Anonymous
Anonymous asked in Politics & GovernmentCivic Participation · 1 decade ago

The Statue of Liberty or the Statue of Tyranny?

The Statue of Tyranny? Of course not. It's the Statue of Liberty.

But a group called Summum is suing - demanding that the city of Pleasant Grove, Utah, erect Summum's ''Seven Aphorisms,'' which it claims represent ''higher'' knowledge, next to a Ten Commandments monument already on display.

The result if they win? Any government that displays a Ten Commandments monument or a patriotic memorial will be compelled to display a monument in opposition to the Ten Commandments or an anti-American monument.

What do you think of this latest attack on America?

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  • 1 decade ago
    Favorite Answer

    I think it's just more of the spirit of the anti-christ being revealed. (1 John 2: 18-22; 4:3) It is evident from these passages that the spirit of the anti-christ has been active since the first century and it continues to be active today, preparing the way for anti-christ (the man, the "son of perdition" to be revealed).

    Source(s): KJV
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  • Judy L
    Lv 4
    1 decade ago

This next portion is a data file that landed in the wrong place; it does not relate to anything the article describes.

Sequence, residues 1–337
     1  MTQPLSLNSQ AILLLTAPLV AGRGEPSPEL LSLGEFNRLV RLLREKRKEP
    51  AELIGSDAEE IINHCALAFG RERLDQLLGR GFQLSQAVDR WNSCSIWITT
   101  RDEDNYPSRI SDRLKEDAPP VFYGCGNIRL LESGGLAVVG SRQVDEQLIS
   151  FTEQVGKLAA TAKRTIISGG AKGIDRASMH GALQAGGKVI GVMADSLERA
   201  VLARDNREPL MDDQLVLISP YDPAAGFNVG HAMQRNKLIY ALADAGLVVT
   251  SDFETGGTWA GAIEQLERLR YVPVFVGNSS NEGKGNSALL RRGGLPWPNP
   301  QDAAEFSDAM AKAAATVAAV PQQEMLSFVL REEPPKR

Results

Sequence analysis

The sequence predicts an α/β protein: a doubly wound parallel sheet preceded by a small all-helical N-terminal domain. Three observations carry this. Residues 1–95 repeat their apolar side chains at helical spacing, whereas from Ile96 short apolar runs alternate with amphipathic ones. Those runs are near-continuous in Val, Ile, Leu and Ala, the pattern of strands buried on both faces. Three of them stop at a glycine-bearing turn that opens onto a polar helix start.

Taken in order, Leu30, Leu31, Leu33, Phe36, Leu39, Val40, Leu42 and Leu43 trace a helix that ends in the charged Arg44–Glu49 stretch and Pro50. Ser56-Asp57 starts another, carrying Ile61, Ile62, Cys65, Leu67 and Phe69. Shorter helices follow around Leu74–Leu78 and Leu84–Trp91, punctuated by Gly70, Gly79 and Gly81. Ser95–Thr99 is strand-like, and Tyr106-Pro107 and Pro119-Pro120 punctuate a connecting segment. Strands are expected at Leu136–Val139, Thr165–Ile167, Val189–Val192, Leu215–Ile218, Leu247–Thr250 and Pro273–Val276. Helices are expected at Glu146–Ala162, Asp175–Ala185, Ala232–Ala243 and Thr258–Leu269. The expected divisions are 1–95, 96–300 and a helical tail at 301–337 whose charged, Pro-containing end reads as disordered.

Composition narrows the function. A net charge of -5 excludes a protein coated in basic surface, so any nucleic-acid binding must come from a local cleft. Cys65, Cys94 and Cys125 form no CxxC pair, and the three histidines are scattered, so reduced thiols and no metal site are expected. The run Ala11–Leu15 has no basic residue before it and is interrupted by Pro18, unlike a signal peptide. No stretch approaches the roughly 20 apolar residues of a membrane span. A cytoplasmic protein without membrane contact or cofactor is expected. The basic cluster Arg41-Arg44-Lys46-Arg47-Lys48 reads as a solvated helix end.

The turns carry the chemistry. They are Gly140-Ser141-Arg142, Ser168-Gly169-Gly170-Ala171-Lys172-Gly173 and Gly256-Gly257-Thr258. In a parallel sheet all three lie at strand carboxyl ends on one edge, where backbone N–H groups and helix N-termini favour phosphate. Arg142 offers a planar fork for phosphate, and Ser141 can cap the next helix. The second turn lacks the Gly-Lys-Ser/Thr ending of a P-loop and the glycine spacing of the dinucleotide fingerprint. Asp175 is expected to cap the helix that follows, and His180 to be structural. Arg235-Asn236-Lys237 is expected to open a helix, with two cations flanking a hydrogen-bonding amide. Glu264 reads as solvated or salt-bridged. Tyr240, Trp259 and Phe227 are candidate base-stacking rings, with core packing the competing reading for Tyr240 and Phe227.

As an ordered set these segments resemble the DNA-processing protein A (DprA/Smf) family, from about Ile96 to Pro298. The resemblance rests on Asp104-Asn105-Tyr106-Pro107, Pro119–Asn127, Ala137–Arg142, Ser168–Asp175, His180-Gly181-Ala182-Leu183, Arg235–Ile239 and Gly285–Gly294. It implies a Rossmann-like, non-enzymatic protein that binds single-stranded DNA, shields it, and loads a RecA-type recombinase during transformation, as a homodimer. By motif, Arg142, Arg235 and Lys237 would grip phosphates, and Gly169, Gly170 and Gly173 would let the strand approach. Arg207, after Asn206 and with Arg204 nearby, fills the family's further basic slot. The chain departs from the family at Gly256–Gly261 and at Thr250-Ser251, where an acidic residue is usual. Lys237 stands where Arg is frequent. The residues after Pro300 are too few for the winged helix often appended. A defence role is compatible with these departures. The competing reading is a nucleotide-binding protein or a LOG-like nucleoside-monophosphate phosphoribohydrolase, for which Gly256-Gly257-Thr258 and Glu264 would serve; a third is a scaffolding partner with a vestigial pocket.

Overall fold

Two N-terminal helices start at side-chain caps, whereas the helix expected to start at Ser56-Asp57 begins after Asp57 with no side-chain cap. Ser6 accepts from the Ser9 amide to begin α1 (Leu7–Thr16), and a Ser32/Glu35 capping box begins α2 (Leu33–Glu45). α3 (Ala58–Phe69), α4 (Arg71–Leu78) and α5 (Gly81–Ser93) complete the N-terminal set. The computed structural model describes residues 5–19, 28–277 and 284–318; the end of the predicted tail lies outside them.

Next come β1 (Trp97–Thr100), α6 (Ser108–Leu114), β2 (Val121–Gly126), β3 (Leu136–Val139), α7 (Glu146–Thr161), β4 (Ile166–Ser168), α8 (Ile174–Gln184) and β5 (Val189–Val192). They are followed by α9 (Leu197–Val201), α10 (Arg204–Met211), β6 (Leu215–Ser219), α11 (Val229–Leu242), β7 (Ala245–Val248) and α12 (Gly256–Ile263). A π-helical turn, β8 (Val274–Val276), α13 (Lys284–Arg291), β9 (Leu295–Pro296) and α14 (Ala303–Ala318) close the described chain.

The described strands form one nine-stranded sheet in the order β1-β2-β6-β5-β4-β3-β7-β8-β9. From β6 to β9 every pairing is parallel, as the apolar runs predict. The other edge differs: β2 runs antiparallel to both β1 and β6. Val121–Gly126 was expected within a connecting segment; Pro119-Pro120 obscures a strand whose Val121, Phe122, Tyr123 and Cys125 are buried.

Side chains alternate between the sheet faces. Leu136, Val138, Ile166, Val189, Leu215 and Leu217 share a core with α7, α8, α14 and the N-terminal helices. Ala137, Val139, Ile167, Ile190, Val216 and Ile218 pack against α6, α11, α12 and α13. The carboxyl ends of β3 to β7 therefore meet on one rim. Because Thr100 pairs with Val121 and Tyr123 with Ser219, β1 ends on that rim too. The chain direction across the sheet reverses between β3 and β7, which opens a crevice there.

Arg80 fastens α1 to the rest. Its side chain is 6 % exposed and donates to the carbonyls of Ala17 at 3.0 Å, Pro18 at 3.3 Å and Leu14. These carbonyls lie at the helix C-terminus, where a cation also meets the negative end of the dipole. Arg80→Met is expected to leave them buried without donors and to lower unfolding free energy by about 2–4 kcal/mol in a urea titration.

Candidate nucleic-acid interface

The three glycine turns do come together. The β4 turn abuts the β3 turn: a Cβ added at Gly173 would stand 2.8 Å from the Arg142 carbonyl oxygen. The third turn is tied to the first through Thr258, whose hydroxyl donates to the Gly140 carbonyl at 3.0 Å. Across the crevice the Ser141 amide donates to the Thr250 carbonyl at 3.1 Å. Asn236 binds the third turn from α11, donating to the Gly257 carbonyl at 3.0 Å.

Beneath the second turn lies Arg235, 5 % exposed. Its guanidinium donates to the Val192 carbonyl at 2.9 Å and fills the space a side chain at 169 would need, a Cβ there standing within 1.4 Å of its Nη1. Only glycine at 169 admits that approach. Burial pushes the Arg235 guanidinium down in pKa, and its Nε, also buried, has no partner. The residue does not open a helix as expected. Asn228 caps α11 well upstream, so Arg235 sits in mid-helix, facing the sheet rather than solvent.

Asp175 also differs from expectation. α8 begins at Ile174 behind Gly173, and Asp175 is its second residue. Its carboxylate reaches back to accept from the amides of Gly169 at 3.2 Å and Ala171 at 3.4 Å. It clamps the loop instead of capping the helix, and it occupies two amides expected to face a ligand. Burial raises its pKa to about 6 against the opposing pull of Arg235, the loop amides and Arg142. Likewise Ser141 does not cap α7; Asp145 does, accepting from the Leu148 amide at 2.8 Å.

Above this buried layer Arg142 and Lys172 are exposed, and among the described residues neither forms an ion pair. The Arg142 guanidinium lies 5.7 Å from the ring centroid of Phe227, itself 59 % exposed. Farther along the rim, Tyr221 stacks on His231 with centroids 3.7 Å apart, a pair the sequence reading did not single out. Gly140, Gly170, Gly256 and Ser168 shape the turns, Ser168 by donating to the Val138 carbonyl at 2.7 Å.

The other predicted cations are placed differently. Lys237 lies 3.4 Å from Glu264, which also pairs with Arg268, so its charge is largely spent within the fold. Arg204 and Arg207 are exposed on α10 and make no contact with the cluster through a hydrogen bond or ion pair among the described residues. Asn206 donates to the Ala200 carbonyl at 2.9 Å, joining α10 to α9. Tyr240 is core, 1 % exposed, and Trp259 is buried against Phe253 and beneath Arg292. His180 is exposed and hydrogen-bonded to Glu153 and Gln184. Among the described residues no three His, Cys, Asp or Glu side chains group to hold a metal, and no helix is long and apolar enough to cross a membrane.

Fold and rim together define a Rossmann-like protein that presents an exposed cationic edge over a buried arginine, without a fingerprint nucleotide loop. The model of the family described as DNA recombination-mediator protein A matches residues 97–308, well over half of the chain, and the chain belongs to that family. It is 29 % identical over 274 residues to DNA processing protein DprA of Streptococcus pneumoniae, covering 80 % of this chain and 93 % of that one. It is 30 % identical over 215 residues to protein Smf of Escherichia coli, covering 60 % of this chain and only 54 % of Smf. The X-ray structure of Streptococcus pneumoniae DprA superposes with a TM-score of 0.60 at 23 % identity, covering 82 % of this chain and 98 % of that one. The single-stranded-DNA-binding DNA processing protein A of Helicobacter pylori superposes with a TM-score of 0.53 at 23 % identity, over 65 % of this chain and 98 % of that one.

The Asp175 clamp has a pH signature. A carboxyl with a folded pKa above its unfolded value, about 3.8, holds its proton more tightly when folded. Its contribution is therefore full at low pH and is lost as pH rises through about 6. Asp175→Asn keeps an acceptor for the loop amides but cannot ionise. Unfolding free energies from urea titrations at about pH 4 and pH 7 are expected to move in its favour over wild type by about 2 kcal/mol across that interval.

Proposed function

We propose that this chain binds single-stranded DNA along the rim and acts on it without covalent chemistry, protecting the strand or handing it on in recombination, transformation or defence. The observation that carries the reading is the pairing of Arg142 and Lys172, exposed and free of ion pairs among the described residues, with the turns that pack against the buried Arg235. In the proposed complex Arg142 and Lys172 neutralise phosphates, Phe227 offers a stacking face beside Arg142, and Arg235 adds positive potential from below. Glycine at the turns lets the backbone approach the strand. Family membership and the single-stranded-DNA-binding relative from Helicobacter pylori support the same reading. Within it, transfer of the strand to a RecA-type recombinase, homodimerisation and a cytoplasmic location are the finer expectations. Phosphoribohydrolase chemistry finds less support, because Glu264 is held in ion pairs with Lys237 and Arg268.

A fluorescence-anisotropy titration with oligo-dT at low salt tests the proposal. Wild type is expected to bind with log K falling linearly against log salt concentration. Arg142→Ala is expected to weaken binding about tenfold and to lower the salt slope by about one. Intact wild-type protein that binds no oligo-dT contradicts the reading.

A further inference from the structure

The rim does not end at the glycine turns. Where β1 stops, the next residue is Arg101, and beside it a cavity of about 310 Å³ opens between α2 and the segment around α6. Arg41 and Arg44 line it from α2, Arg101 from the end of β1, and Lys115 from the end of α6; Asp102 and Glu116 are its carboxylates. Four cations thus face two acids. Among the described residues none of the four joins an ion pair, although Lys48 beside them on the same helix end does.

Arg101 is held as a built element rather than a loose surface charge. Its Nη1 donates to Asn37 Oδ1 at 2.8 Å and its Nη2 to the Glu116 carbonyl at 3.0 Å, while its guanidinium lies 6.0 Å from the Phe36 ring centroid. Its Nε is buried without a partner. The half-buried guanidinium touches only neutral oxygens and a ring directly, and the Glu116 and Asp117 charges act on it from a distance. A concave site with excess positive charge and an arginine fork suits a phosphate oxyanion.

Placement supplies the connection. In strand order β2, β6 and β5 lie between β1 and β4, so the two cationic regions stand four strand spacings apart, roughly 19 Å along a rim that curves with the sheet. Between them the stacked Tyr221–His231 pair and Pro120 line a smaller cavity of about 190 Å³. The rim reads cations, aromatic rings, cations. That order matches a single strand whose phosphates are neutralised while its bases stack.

They already won. A federal court of appeals has overturned the ruling of a U.S. District Judge, which blocked Summum's proposed monuments, stating that equal space in city parks must be given to all religions, not just Judeo-Christian ones.. Attorney Brian Barnard, who represents Summum, says he is pushing his clients to display their Seven Aphorism's in Pleasant Grove as soon as possible.

    This win in no way compels others to display monuments in opposition to the Ten Commandments or anti-American monuments. You are uninformed. In Salt Lake County and Ogden County, similar lawsuits were brought, and won, by Summon. The Counties response? They removed the Ten Commandments, stating that no religious monuments would be displayed in the public parks. Try getting your facts straight first.

    PS (I can tell that whoever gets best answer on this "question" will be the one that agrees with your POV. I just thought you might like a little facts to go along with your fiction).

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  • 1 decade ago